Disastrous Texas Harvest Expected

Frost and rain diminish grape crop by as much two thirds

by Jeff Siegel
Frost and rain diminish grape crop by as much two thirds
A second growth of canopy on these Cabernet Sauvignon grapes at Driftwood was also infected with downy mildew; unable to apply bird netting, Gary Elliott watched helplessly as hungry birds attacked what remained of his crop.
Dallas, Texas -- Yes, Gary Elliott said last week, it was raining. He was not happy about it. And why should he be? Many Texas winemakers and grapegrowers, who endured two years of drought, saw that end this spring with record-setting rains in the Texas Hill Country between Austin and San Antonio that flooded their crops.

Meanwhile, Texas High Plains growers in West Texas, who avoided much of the rain, never recovered from more than two days of below-freezing temperatures over Easter weekend in April. Crop yields could be down as much as two-thirds throughout the state, said viticulturist Ed Hellman of Texas A&M.

Elliott, who owns the 1,500-case Driftwood Vineyards in Driftwood, about 20 miles southwest of Austin, said, "This is going to be a disaster year for the whole state. But we should be used to being devastated one year out of every two or three years by now."

The mid-August rain, delivered by the remnants of Tropical Storm Erin, was insult added to injury. Parts of the Hill Country, Texas' second-most important appellation, had as much rain in June and July as they normally get all year. It rained every day for three to four weeks in the middle of that period, which not only deluged vineyards and stripped leaves from vines, but made it almost impossible for Hill Country growers to spray for the various blights common to the area, like powdery and downy mildew.

Frost and rain diminish grape crop by as much two thirds
Enabled by constant rains and inability to spray, downy mildew destroyed the canopy at Gary Elliott's Driftwood Vineyards.
In West Texas, meanwhile, Neal Newsome, who farms 88 acres at 3,700 feet in the High Plains appellation southwest of Lubbock, recorded 50 hours below freezing over Easter weekend. He lost not just the first growth, but much of the second growth as well. His Cabernet Sauvignon, annually among the best in Texas, and Muscat Canelli, were all but wiped out. Newsome, one of the most respected growers in the state, anticipates half a crop of Sangiovese and Pinot Grigio, while the Tempranillo and Malbec will be close to normal. In all, he expects to get just 90 of his normal 300 tons.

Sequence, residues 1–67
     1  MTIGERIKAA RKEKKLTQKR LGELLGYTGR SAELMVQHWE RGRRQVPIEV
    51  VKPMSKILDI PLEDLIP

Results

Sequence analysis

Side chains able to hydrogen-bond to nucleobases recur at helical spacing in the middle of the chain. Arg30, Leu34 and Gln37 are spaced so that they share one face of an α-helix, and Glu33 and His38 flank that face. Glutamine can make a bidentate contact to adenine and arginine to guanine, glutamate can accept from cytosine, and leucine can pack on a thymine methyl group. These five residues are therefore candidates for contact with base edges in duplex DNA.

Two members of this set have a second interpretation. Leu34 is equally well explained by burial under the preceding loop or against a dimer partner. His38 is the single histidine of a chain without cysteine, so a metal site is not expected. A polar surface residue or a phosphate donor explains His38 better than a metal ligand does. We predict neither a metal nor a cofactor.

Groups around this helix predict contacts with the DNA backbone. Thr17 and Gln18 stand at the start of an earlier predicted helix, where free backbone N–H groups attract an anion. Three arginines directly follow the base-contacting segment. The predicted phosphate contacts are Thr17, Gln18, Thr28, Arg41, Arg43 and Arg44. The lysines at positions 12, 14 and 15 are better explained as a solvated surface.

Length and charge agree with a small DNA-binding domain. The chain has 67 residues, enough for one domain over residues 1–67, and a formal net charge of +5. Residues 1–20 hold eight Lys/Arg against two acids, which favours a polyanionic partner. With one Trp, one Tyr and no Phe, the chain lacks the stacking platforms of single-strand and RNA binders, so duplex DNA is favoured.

Also hard hit: Mason County, an up-and-coming area located near where the Hill Country meets the High Plains, about 40 miles northwest of Fredericksburg.

One of the worst hit varieties in the state was Viognier, which has been a Texas success story over the past couple of years. The freeze killed most of the best Viognier, and wineries will be scrambling this fall to find grapes to produce the 2007 vintage, Hellman said. Some wineries have already made plans to buy fruit from California.

What about quality? At best, it will be a challenging year, said Paul Bonarrigo of Messina Hof Winery & Resort in Bryan, which produces about 33,000 cases a year. The rain has delayed harvest, which usually starts around the last week of July and goes through the end of September. It's running 10 days to two weeks late in many parts of the state.

In addition, some growers had to pick before the fruit reached their preferred ripeness, either because it had stopped ripening since the canopy was gone or because rot had started to appear. Today, Elliott at Driftwood related the disastrous chain of events that will cost him most of a 60-ton harvest. Months of constant rains retarded ripening and prevented spraying; consequently, downy mildew invaded the vineyards, destroying the canopy and making it impossible to apply bird netting. A puny second growth of canopy proved inadequate. Birds were devouring the unripe, rotting fruit.

"It rained every day, and the leaves all fell out," Elliott said. "We're trying to salvage what we can."
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